Tuesday, November 25, 2008
The gathering of Senegalese Muslims resembled a west African version of US-style summer camp: dozens of young men and women huddled under tents singing songs to the four-time rhythm of cow-hide drums against an Elysian backdrop of flowering baobab trees.
Answering the call of the "Ndiguel" - the call to work - has become an important fixture for Mourides, a Sufi Islam movement whose doctrine of hard work as a route to paradise has made it a powerful economic and political force in Senegal.
Each year at harvest, thousands of disciples, from bankers to bus drivers, descend upon Khelcom fields, rising at 6am to pick peanuts under a blazing sun. The work is done on behalf of a local marabout - or religious leader - and the proceeds go to support local schools for poor youth.
"I come back here every year to learn humility, to reconnect myself with people in the countryside regardless of their background; it's about solidarity," says Idrissa Lo, a 33-year-old football agent from Dakar.
"Pray as if you will die tomorrow and work as if you will live forever," is one of the oft-quoted teachings of Cheikh Ahmadou Bamba, the Muslim mystic who founded Mouridism in 1883 and whose grainy photograph is plastered on walls across the country.
The marabouts' teachings to go out into the world and bring back wealth to build up the movement has led it to establish a formidable trading network across the globe, from street hawkers in Rome, tomato pickers in Spain and import/export dealers in Hong Kong.
Nothing is more illustrative of the marabouts' expanding influence than the extraordinary growth of the holy Mouride city of Touba, a chaotic urban expanse that rises suddenly out of the Sahelian bush.
With 5,000 inhabitants, Touba was just a village at independence from France in 1960. Today, with a population of more than 500,000, it is at the centre of a global network of street traders, merchants and labourers, whose remittances helped build the biggest mosque in sub-Saharan Africa and a $10m hospital nearby.
Such tangible benefits have been a big factor in the Mourides' recruitment success. It is also a factor in the fierce loyalty of their followers. Despite Senegal's impressive growth rate, those subsisting in the city slums have felt little improvement. While secular loyalty toward politicians has plummeted, Sufi marabouts have filled the gap, mitigating the worst effects of state neglect through the provision of schools and social services as well as preaching peace when political tensions run high.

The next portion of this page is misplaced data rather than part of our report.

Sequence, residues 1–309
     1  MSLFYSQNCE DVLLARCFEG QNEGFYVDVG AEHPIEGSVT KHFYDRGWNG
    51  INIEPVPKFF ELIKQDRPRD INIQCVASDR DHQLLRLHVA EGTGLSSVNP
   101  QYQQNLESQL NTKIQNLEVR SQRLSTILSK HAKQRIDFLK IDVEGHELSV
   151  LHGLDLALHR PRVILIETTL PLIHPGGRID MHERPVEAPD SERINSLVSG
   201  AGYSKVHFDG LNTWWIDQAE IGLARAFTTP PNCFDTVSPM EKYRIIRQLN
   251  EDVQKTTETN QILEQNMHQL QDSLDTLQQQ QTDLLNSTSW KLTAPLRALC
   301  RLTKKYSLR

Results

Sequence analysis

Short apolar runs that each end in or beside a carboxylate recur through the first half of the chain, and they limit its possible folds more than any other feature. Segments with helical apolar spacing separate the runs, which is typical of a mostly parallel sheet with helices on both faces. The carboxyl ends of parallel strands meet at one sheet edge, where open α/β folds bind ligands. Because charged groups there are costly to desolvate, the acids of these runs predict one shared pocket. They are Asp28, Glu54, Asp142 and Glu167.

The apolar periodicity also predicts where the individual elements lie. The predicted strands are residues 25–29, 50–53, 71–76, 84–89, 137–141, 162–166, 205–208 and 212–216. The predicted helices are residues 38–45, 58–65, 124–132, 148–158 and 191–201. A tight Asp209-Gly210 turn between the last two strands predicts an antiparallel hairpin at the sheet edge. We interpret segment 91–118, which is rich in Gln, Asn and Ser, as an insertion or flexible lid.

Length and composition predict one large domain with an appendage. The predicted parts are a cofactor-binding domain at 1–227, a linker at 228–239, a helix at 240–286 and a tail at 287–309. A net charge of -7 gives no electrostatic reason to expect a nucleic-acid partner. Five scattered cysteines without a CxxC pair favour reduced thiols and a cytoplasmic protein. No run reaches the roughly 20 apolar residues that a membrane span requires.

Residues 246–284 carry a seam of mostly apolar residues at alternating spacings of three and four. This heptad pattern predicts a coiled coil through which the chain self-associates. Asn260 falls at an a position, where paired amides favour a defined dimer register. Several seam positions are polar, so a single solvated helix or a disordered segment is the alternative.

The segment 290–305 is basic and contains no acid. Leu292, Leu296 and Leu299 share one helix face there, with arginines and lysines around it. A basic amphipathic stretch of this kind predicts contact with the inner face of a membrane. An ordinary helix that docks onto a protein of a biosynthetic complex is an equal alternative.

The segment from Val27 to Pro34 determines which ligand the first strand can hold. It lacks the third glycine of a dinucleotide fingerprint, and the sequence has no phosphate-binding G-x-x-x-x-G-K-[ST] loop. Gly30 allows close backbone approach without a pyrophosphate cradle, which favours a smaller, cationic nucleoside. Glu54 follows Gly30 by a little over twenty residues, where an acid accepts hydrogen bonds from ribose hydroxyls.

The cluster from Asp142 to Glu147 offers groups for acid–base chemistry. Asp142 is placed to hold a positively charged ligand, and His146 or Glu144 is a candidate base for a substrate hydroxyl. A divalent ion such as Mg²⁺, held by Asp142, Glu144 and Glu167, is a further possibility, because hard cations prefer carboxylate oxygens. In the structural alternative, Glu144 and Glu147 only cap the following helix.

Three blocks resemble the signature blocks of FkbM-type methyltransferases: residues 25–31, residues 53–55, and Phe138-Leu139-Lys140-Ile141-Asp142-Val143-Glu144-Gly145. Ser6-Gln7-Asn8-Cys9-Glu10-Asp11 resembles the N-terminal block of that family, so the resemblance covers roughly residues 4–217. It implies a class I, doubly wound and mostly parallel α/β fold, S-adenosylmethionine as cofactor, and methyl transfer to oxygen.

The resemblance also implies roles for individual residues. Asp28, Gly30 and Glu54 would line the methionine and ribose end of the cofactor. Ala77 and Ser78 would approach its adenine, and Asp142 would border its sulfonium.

Traditionally, Senegal's marabouts have acted as a force for inter-religious integration with Christian and animist minorities. The country's much revered first president and poet, Leopold Senghor, was Christian and it is not uncommon to have Muslims and Christians within the same family.
More recently, the marabouts' steady accumulation of political influence has attracted controversy, pitting traditionalists who wish to protect what they see as their religious integrity against ambitious politicians eager for votes.
Although ostensibly aloof from politics, in practise Senegal's four main brotherhoods have always vied for electoral influence, but political leaders were careful to avoid taking sides. Since the election of President Abdoulaye Wade in 2000, there is a perception that this has begun to change.
Upon being elected Mr Wade, himself a Mouride, went on a pilgrimage to Touba and publicly knelt before the Mouride caliph (leader). The president said his visit was purely personal but the message was clear: alliances were shifting and secular state politics were a thing of the past. Since then, Mr Wade has openly cultivated the endorsement of the caliph, who appeared on national TV during the 2007 presidential campaign to assert that Mr Wade, if elected, would complete the modernisation of Touba's infrastructure.
When combined with the personalisation of power around Mr Wade, some analysts allege that the caliph's closeness to the presidency casts him as a type of political consultant to the state.
"In a society where there are no clear boundaries between the religious and civic spheres . . . the ties that bind the nation together are becoming ever looser," says Penda Mbow, professor of history at Cheikh Anta Diop university in Dakar and a former minister of culture.
Occasionally, the lines between politics and religion have blurred, with worrying consequences for Senegal's democracy and its guardians. In the run-up to last year's presidential election, followers of one Dakar-based marabout, mostly jobless young men, attacked the convoy of Idrissa Seck, a presidential rival and former prime minister.
Although many Senegalese dismiss suggestions that marabouts are colluding with politicians, a creeping "politicisation" of the brotherhoods is acknowledged by Cheikh Bethio Thioune, one of the country's most respected Sufi leaders.
But supporters say Mr Wade has merely recognised the growing commercial power of the diaspora and the changing aspirations of the young.